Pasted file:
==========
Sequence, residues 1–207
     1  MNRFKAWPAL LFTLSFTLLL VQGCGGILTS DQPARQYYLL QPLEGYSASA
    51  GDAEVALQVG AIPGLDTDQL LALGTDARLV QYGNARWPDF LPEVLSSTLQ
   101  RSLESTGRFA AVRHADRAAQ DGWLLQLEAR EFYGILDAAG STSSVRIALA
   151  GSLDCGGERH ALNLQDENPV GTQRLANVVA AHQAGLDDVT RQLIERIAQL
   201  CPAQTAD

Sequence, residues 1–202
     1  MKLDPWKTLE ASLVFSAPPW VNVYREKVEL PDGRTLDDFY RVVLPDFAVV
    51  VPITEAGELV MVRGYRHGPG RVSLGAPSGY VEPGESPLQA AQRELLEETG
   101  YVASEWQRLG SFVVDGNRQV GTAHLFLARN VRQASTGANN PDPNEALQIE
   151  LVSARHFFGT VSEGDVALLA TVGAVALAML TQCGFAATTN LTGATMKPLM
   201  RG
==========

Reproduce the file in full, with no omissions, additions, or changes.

Sequence, residues 1–207
     1  MNRFKAWPAL LFTLSFTLLL VQGCGGILTS DQPARQYYLL QPLEGYSASA
    51  GDAEVALQVG AIPGLDTDQL LALGTDARLV QYGNARWPDF LPEVLSSTLQ
   101  RSLESTGRFA AVRHADRAAQ DGWLLQLEAR EFYGILDAAG STSSVRIALA
   151  GSLDCGGERH ALNLQDENPV GTQRLANVVA AHQAGLDDVT RQLIERIAQL
   201  CPAQTAD

Sequence, residues 1–202
     1  MKLDPWKTLE ASLVFSAPPW VNVYREKVEL PDGRTLDDFY RVVLPDFAVV
    51  VPITEAGELV MVRGYRHGPG RVSLGAPSGY VEPGESPLQA AQRELLEETG
   101  YVASEWQRLG SFVVDGNRQV GTAHLFLARN VRQASTGANN PDPNEALQIE
   151  LVSARHFFGT VSEGDVALLA TVGAVALAML TQCGFAATTN LTGATMKPLM
   201  RG